With the release of his first solo album, Joey Niceforo has stepped onto the international musical stage in a big way – most artists, after all, don’t get the chance to record their first project at Abbey Road Studios as he has done. His singing certainly matches his surroundings, as he has delivered an excellent debut with “Priceless” that demonstrates his versatility and talent.
For those of you unfamiliar with him, Joey made his professional debut in 2005 when he joined the original Canadian Tenors. He then formed his own classical crossover ensemble Destino in 2006 and toured with them internationally, including performances at the Beijing and Vancouver Olympics, Carnegie Hall in New York City, the Miss America Pageant in Las Vegas and a national tour with the Rankin Family.
As a ‘New Classic’ solo artist, he has performed a number of concerts in Canada, the U.S., across Italy, the Czech Republic and always enjoys performing in his hometown of Sudbury. He has been featured on NBC singing the American National Anthem for the Columbus Day parade in New York and on an ABC made for TV movie produced by Britney Spears.
As I mention below in the interview, the part of me still rooted in the 1970s was immediately drawn to Joey’s covers of “Solitaire” (The Carpenters) and “Winner Takes It All” (ABBA). He gives both of these songs a unique, inimitable twist; for those of you old enough to remember the originals, “Solitaire” will likely be immediately recognizable but his interpretation of “Winner Takes It All” is unique enough that it may take you a minute to place it, the first time through.
We are so pleased that Joey took some time to answer some questions about his new project.
I suspect most musicians dream of recording at Abbey Road – how was the experience for you?
It was probably the best musical experience of my life. I remember being so nervous leading up to the recording and I literally did not sleep at all the night before. Knowing the amazing artists who had previously recorded there, over 80 incredible orchestra members playing for me, having GRAMMY Award-winning producers, musical engineers and everyone else there for me felt like a HUGE amount of pressure. There’s always these little voices in your head telling you you’re not good enough and that shouldn’t be there. During the recording of the first song, we did several takes but I was still nervous, and I couldn’t calm my nerves. I was in a booth off to the side watching the amazing orchestra play. During the next take the conductor thought it would be fun to do the first take of the second song “Winner Takes It All”, which is what you see in the music video, live in the room with the orchestra. Being in that room, and feeling that orchestra go right through me just made me appreciate the moment. I had no choice but to let go and have fun. We had two full days in the studio and I still get filled with emotion thinking about how lucky I am to have recorded my first album there.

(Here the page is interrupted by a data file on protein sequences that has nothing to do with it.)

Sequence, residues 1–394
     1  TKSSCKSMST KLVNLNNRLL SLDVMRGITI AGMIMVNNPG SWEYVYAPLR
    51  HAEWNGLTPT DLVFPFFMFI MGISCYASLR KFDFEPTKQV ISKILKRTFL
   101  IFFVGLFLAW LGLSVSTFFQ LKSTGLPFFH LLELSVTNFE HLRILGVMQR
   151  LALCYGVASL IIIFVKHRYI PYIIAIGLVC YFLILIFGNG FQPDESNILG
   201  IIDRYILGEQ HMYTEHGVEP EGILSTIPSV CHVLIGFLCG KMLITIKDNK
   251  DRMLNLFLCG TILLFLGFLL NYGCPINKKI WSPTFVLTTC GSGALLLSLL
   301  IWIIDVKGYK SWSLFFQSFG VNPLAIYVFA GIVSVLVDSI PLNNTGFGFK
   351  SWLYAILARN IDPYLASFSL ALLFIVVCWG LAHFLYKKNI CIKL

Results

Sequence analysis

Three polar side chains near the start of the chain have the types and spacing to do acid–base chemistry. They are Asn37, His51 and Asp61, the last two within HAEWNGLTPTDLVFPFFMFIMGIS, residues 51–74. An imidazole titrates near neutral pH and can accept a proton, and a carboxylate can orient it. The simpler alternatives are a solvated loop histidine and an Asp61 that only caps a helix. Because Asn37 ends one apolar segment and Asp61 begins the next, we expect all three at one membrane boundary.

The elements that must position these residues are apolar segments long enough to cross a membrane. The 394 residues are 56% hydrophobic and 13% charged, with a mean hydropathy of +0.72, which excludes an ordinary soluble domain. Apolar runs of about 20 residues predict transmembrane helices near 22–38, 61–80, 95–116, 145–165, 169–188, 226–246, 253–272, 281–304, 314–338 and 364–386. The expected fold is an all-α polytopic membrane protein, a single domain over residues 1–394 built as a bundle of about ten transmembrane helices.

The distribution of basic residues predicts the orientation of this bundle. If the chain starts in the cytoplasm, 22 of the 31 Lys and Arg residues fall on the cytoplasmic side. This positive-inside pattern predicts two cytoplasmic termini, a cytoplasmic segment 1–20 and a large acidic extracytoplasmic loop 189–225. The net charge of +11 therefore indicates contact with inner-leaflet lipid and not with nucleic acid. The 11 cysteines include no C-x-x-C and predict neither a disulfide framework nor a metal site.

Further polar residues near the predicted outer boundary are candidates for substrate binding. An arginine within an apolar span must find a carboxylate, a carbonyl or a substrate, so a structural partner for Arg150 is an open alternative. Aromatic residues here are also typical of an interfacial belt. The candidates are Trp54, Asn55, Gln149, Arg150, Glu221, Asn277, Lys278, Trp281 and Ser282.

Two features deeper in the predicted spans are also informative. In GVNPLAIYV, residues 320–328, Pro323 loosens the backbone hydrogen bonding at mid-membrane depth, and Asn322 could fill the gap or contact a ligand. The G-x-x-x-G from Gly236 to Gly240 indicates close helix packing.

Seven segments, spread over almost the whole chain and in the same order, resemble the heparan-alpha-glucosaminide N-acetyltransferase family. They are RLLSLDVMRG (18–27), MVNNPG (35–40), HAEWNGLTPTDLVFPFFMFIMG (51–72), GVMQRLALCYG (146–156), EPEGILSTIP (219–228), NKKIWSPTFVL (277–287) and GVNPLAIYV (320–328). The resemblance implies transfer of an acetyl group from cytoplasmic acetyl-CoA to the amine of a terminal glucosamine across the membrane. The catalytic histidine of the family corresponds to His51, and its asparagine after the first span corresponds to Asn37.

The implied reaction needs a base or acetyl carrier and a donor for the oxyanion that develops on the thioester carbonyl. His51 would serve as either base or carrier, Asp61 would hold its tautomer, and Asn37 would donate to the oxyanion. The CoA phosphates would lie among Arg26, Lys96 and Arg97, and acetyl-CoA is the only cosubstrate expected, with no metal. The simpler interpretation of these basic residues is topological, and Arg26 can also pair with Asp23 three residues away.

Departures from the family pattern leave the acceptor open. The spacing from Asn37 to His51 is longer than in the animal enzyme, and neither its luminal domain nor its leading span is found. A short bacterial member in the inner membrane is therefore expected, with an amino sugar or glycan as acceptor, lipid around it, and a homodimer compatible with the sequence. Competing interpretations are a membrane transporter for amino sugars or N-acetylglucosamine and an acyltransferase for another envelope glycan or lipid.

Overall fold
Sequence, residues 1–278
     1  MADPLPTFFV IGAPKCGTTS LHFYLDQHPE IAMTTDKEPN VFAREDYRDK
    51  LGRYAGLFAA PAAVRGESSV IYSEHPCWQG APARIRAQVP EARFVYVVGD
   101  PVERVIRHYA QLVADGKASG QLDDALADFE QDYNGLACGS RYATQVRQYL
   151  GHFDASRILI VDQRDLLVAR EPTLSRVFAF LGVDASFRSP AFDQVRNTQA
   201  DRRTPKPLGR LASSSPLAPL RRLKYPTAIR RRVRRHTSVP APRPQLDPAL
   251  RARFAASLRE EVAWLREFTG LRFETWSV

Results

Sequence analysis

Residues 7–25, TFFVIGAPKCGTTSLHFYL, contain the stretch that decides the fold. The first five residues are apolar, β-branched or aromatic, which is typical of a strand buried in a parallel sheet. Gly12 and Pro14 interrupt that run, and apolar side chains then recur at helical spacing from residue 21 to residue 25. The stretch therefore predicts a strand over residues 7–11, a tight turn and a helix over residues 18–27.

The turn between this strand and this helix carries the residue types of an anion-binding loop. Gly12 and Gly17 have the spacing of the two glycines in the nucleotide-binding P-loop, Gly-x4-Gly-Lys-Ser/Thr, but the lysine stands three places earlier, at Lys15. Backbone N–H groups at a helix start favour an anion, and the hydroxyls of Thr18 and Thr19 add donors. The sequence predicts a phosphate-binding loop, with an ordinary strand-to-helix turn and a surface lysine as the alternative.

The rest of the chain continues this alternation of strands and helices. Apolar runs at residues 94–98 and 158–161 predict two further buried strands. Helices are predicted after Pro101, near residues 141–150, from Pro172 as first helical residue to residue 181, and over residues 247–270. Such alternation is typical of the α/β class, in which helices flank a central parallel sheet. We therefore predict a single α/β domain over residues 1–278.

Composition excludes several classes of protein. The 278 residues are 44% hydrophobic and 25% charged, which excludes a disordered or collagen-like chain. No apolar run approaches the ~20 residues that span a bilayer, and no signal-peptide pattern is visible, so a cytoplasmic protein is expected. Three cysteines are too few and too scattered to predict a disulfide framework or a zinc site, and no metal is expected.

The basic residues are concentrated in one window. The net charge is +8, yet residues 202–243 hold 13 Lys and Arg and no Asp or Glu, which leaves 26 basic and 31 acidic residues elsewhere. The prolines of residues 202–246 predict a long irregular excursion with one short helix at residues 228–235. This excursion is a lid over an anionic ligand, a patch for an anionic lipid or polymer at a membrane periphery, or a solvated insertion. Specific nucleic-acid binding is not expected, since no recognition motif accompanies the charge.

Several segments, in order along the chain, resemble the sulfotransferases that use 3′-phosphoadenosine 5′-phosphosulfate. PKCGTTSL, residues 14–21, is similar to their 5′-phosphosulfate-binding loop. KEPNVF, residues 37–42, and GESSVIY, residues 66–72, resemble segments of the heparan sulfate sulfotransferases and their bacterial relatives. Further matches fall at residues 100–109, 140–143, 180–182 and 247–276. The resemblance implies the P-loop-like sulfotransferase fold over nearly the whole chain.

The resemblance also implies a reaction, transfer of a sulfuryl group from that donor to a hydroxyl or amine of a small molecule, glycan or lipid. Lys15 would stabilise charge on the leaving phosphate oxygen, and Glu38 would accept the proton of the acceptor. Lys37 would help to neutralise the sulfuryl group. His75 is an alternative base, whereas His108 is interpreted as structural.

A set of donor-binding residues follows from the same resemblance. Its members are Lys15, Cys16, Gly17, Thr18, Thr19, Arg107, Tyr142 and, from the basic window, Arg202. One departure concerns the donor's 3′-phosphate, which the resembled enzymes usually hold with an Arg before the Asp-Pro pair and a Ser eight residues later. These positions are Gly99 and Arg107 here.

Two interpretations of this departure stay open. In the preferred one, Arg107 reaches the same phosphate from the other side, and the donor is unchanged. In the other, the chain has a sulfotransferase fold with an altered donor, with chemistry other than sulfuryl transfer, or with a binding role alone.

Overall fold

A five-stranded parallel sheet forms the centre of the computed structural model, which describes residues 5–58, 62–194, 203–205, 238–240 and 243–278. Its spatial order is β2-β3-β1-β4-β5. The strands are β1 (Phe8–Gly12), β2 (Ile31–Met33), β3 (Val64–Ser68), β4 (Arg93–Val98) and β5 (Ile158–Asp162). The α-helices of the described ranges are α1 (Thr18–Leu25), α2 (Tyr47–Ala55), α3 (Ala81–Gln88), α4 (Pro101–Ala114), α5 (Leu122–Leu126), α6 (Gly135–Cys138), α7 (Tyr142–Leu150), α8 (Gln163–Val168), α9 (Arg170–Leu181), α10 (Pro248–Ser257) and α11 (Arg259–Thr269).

Can you talk a bit about “Note to God” in particular – how did this song come to you? Beyond the obvious message of the lyrics, what do you hope your listeners take away from it?
We floated around the idea of possibly getting a song from Diane Warren (which would be INCREDIBLE) so John Jones (one of the producers) had reached out to her office to see if it would be possible to do so. I was THRILLED when JJ (as we call him) called me and said they had some song suggestions and that we could go to her offices in LA and have a listen, also meet her. She was AMAZING! So nice, down to earth and interested in the project. A dream come true for me for sure! We have three of her songs on the album.